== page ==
In Like a Lamb

Well here we are, at last, the first day of February! It has come in like a lamb, will it leave like a lion?

January was bitterly cold here, and windy, which exacerbates the human experience of cold. I’ve continued to wear Attila’s heavy duty track pants, day and night, and have been quite comfortable. When the favoured track pants are in the wash, lighter pants are worn, and the difference in comfort is striking. Luckily the house is so very dry that the laundry dried quickly on the racks temporarily setup in the living room. Laundry days are crowded in our little house.

Wendy mentioned in a comment in a previous post, that she kept the steam canner on low on the range to humidify the air. That really got me thinking. Our range uses a lot of electricity, so I was trying to think of a cheaper way to achieve the same purpose, and I think I’ve found something that will work: the crock-pot. Our relative humidity was down to 17%, and hanging wet towels and laundry all over the house daily was not improving things. The old crock-pot, from the early 80s, has seen better days, lots its lid, but it seemed it might be up to the task of heating water. It has been chugging away since Sunday, and the relative humidity has risen to 23%. I can feel the difference that 6% makes. So far I regard the crock-pot as a success.

I continue to feel unwell. The issue, or one of them, is gallstones. Possible treatments are being discussed with my Nurse Practitioner, further tests are on the roster, and an appointment with a General Surgeon will be setup. This may take some time. It is an “uncomfortable” wait.

I don’t like soup. At least that is what I thought a few months ago. With the New Year came a craving for Chicken Noodle Soup. Two batches were made and enjoyed. Today’s soup was Beef & Barley Soup, another winner. These are low sodium soups that I can eat without risking my health. Attila makes lots of soups for himself, but they are high in sodium, and therefore off my menu. No matter, he usually makes soups I would not care for regardless of the sodium content.

As I write, the lamps are lit, and clock on the wall ticks away the seconds. The world is quiet, hushed, waiting for a stronger sun.



Updated on Sun, Jan 30, 6:45 AM
-27 °C
Wind 8 NW km/h
Humidity 48 %
Visibility 24 km
Sunrise 7:28 AM
Wind gust 12 km/h
Pressure 101.4 kPa
Ceiling 9100 m
Sunset 5:14 PM

Updated on Tue, Feb 1, 7:45 PM
0 °C
Partly cloudy
Wind 23 SE km/h
Humidity 63 %
Visibility 22 km
Sunrise 7:25 AM
Wind gust 35 km/h
Pressure 102.3 kPa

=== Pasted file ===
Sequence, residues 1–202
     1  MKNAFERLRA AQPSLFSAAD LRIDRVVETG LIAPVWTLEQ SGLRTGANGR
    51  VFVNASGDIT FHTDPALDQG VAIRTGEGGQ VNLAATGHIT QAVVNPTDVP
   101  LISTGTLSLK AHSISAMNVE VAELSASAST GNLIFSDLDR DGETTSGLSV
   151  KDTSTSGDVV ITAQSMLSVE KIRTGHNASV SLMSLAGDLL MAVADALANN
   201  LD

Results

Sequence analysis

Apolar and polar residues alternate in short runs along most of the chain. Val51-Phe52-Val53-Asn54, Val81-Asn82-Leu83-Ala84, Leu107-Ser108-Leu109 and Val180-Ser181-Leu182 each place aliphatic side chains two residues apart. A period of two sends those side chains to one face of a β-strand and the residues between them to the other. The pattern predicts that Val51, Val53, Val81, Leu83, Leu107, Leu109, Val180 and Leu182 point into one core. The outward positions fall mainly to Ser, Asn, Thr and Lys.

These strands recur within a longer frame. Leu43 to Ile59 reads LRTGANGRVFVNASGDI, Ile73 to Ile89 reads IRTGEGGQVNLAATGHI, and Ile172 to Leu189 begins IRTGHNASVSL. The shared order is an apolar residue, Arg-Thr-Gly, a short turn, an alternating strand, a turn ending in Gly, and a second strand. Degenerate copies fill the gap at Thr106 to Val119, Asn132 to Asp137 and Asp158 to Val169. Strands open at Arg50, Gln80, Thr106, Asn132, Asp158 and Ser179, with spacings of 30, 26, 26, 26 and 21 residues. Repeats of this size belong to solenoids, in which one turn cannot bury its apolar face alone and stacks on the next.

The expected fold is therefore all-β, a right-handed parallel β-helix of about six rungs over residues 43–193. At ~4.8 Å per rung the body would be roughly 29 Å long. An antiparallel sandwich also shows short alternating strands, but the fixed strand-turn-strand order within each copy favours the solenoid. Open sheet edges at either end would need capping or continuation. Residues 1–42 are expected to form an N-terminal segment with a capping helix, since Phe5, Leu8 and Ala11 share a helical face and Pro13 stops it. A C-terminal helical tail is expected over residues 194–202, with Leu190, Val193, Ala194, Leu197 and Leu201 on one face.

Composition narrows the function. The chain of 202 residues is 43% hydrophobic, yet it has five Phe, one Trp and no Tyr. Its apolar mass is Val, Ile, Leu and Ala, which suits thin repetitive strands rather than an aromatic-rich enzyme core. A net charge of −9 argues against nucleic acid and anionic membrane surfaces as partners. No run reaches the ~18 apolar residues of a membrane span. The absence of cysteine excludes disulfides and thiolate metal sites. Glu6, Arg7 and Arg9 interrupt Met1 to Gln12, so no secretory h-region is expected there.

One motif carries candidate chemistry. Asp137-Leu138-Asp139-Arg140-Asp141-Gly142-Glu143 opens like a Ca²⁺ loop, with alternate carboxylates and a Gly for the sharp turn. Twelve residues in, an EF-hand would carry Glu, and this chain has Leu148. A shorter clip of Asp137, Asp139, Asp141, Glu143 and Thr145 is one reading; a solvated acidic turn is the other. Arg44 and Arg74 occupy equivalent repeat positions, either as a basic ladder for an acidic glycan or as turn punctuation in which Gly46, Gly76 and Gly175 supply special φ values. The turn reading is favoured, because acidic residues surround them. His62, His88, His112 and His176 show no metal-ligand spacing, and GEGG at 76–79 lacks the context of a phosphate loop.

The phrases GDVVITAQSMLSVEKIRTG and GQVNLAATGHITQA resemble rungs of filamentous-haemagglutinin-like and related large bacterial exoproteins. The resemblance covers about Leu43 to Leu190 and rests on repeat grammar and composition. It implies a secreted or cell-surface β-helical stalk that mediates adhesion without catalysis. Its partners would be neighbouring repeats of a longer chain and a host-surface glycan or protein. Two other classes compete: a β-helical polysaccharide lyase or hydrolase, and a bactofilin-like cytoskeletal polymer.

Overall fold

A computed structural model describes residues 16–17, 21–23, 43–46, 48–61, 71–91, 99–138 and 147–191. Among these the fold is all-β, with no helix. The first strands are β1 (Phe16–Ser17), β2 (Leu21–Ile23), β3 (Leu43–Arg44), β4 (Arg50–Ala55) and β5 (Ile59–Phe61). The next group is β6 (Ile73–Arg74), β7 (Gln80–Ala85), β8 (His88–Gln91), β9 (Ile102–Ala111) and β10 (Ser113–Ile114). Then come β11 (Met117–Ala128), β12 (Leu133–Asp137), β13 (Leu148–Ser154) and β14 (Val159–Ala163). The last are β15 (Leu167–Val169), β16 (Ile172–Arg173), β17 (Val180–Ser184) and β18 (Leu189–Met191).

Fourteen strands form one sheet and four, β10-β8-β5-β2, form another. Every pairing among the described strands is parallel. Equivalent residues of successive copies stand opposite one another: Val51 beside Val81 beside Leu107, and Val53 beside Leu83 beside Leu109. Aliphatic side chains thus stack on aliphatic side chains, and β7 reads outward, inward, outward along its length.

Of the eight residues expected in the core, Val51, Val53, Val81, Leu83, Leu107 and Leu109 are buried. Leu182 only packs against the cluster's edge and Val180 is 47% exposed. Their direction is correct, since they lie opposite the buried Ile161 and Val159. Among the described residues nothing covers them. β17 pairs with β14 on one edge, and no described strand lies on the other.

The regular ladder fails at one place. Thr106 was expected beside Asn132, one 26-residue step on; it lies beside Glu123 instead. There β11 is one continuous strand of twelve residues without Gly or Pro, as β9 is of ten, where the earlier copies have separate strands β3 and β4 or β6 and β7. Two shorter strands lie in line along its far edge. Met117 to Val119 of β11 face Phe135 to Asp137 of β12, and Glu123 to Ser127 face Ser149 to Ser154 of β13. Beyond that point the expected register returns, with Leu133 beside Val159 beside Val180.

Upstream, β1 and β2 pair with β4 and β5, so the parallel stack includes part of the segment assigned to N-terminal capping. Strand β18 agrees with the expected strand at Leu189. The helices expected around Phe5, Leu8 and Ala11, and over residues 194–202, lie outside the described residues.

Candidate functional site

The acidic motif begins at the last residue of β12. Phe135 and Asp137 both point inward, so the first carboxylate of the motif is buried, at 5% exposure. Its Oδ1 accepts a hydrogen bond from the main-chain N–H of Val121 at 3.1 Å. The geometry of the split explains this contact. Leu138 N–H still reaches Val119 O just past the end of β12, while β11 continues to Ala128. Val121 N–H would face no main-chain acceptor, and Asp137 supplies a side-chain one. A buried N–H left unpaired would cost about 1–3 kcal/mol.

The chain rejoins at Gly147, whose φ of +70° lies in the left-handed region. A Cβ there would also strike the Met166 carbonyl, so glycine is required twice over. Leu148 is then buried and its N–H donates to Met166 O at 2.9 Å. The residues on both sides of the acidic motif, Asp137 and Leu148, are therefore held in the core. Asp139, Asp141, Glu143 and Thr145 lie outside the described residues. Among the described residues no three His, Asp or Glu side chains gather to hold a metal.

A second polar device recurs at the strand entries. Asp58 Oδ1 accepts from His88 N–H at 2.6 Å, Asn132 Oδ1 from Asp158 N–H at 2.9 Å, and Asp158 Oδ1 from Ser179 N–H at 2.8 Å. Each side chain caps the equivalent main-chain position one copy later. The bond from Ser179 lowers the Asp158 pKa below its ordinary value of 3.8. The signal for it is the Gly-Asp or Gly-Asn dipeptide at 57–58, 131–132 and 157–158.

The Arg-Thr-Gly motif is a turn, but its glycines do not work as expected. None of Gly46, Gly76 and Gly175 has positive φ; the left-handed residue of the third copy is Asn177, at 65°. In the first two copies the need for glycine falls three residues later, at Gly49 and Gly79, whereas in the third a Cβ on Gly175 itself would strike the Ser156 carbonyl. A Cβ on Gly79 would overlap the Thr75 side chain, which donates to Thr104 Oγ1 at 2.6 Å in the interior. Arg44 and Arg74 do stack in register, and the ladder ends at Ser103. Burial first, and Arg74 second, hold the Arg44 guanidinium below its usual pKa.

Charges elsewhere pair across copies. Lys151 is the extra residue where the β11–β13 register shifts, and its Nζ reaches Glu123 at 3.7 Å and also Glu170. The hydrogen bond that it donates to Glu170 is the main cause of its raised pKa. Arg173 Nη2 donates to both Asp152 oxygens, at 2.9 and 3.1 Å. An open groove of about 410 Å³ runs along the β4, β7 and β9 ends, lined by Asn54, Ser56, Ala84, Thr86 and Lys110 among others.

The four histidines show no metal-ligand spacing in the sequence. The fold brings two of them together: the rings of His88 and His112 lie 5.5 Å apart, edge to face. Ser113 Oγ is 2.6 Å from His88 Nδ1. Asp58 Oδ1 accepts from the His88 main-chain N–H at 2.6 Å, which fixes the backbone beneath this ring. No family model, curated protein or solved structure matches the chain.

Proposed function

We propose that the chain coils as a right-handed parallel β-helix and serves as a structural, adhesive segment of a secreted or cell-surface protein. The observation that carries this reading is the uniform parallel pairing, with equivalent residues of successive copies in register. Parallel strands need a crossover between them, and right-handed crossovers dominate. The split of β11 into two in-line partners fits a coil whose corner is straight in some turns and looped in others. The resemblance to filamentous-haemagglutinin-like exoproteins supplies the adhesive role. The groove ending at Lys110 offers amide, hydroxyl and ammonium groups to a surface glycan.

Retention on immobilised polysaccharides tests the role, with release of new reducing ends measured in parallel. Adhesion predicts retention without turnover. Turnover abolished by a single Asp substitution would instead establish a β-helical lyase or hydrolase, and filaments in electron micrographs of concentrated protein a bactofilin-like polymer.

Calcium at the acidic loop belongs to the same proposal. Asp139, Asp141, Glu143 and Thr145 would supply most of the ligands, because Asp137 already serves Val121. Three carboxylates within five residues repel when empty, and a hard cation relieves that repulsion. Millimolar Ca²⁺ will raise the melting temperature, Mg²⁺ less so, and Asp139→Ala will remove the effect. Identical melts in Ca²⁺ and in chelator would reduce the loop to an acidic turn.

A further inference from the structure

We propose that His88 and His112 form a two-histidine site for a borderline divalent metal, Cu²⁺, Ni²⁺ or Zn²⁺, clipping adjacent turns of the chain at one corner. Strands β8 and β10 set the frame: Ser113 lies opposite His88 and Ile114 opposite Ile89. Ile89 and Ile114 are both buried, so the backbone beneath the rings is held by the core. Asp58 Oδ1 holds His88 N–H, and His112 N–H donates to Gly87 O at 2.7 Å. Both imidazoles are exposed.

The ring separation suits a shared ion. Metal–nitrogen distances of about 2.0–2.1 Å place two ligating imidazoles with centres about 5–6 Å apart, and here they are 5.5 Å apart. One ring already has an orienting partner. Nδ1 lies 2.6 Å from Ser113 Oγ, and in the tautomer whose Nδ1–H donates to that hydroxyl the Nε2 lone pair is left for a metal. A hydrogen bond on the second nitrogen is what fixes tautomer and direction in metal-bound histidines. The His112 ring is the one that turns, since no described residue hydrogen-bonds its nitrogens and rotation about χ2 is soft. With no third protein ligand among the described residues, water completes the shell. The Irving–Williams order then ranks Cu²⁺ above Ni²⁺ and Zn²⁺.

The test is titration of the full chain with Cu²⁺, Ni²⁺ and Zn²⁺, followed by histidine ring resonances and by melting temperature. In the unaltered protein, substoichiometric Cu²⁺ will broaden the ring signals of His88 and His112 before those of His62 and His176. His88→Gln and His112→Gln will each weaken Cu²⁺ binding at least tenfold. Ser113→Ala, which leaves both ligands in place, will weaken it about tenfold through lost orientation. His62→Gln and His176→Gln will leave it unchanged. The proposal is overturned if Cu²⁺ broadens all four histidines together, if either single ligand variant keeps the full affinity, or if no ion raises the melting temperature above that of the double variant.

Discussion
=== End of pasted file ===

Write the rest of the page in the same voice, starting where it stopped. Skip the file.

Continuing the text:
Ceiling 9100 m
Sunset 5:18 PM



“Oh! what shall I do?” sobbed a tiny mole,
A Fairy has stumbled into my hole;
It is full of water and crewling things,
And she can’t get out, for she’s hurt her wings.

I did my best to catch hold of her hair,
But my arms are short, and she’s still in there.
Oh! help her, white rabbit, your arms are very long;
You say you’re good, and I know your strong.

Dont bother me,” the white rabbit said-
She shut up her eyes and her ears grew red-
There’s lots of mud and its sure to stick
On my beautiful fur, so white and thick.

Oh dear! oh dear!” sobbed the poor little mole,
Who’ll help the Fairy out of the hole?
A little brown rabbit popped up from the gorse,
“I’m not very strong, but I’ll try, of course.

His little tail bobbed as he waddled in,
The muddy water came up to his chin;
But he caught the Fairy tight by the hand,
And helped her get to Fairyland.

But she kissed him first on his muddy nose,
She kissed his face and his little wet toes;
And when the day dawned in the early light,
The common brown rabbit was silvery white.”

Fairy Time by Molly Brett

There were five of us. At bedtime my Mom would sit at the top of the stairs in our farmhouse, when we were all tucked into our beds. She would sing to us, tell us stories, and recite poetry. The poem above was one of the poems we heard as we drifted off to sleep.

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My sympathies on the gallbladder pain! (I had to have mine removed, as I had many, many stones in it.) Good news is, I felt 100% better after the surgery. I hope you won’t have to wait long to learn the course of action. I’m glad you found a good solution to the dry air.


Maggie, so sorry you’re continuing to feel poorly and that it’s not likely to go away without further intervention. Please accept my good wishes for the best possible treatment plan and outcome.
Your idea to use the old crock-pot is brilliant–and doesn’t tie up a large portion of the stovetop.

Stubblejumpers Cafe

Do you have heat registers on the floor? Here, I set a container of water on one or two of them that are out of the way, so the water evaporates a little more quickly to humidify the dry winter air with no extra use of electricity. Works like the dickens! -Kate


Sorry to hear of the possible stones. I hope you can get into a doctor and have things taken care of quickly.

Our buyer’s inspection of the house is next Tuesday. Very excited to think it’s already finished and just going through inspections, now.